1. ## Physics Circuitry

Uh... ever since we switched teachers everything's gotten more confusing... anyway,
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What is the difference between a half-wave and full-wave rectifier? I saw what the difference was on the CRO reading, but, for instance, why would you use one instead the other?
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What is this 'line loss' thing? As electricity passes through a wire it will lose voltage... or was that power...? Anyway, for some reason there is a formula P=I^2R where P is power loss, I is current, and R is wire resistance. How was the formula derived? How, by stepping up the voltage at the start of the transmission and stepping it down at the end will the energy loss be decreased?
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What does the term 'Phase' mean?
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Thanks... more I might think of more questions as time goes by...

2. 1)you have seen the result on CRO.
Full wave rectifer gives continuos pulses while in half wave rectifier there is a constant break(0V) two consecutive pulses.
It depends on the requirement which type of pulse train you want.

3) In a wave, every point vibrates about its mean postion.Phase is used to denote the relative displacement from a postion taken as standard(usually it is mean position). If two points always have the same displacement, they are in the same phase.If at some instant, two points have the same displacement, they are not necessarily in same phase because they may be moving in opposite directions, hence will not be in the same phase at the next instant.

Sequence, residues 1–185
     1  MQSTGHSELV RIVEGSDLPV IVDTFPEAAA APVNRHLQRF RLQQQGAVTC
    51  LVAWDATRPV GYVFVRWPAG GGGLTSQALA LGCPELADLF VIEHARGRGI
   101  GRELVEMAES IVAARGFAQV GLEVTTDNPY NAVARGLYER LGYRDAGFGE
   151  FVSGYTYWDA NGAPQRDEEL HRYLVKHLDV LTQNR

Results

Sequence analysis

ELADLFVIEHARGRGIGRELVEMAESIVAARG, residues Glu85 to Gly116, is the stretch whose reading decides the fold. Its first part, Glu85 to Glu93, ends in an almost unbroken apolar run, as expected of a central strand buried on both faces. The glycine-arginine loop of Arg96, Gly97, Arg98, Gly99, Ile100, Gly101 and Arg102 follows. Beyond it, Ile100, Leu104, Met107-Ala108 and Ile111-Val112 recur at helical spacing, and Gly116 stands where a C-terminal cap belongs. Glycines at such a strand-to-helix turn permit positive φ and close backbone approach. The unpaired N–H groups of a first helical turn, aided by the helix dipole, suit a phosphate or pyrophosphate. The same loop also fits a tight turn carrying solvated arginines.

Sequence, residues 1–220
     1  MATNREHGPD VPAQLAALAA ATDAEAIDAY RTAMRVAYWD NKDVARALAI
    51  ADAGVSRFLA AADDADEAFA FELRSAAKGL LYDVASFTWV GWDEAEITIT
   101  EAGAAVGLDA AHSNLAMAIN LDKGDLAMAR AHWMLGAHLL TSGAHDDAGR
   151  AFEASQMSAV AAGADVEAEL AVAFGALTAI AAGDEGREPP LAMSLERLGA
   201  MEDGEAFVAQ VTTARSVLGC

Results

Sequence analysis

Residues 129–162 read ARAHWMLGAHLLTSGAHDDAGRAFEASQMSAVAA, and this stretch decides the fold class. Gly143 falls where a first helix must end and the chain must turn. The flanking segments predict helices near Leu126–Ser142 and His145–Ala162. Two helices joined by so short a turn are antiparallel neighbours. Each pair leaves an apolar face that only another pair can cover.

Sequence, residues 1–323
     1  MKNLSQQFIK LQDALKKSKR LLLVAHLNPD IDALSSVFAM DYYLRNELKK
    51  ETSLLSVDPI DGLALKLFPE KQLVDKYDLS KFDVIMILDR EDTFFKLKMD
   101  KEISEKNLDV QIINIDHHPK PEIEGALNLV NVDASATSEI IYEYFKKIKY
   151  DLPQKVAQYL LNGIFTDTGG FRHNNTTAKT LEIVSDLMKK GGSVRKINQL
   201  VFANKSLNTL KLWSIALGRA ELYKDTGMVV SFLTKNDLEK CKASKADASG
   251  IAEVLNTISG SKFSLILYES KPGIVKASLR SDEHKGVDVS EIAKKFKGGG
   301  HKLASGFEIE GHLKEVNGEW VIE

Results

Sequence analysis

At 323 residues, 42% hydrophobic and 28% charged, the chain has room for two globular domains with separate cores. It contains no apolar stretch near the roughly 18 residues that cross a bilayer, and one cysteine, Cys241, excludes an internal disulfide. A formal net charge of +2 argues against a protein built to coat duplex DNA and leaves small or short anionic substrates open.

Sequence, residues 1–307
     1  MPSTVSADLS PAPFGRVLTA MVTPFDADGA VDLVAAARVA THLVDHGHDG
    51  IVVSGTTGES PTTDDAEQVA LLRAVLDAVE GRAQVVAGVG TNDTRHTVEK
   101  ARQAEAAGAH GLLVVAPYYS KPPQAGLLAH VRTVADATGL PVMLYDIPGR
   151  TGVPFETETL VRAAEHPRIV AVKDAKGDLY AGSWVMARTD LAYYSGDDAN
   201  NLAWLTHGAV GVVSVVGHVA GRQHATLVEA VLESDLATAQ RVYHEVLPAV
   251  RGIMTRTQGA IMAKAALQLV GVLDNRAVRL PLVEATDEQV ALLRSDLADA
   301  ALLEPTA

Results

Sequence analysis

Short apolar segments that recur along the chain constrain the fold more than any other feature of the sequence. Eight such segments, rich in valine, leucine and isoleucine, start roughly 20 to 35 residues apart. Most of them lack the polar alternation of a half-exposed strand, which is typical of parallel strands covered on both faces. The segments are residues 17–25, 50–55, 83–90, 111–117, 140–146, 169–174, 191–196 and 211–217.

Keep Smiling
Malay

3. Originally Posted by DivideBy0
What is this 'line loss' thing? As electricity passes through a wire it will lose voltage... or was that power...? Anyway, for some reason there is a formula P=I^2R where P is power loss, I is current, and R is wire resistance. How was the formula derived? How, by stepping up the voltage at the start of the transmission and stepping it down at the end will the energy loss be decreased?
V = IR <-- Ohm's Law, take this as a given.
This describes the drop in potential across a resistor.

P = VI
You might wish to also take this as a given: you can derive it, but the derivation deals with charges moving across a potential difference and using Coulomb's law, etc. (There may be a simpler way, but it's not coming to mind right now.) This equation represents the power required to move those charges across a potential difference.

Then
P = (V)I = (IR)I = I^2R

Now, as far as reducing losses are concerned note that no matter what you do to the voltage in the line the resistance stays the same. So the power loss over a line depends directly on the size of the current: the larger the current the larger the power loss.

So in a step-up or step-down transformer the power in the line is conserved (actually, it's energy that's conserved). So if we ramp up the voltage we are reducing the current flow. Thus I drops and we lose less power when transmitting over long distances (large R.)

-Dan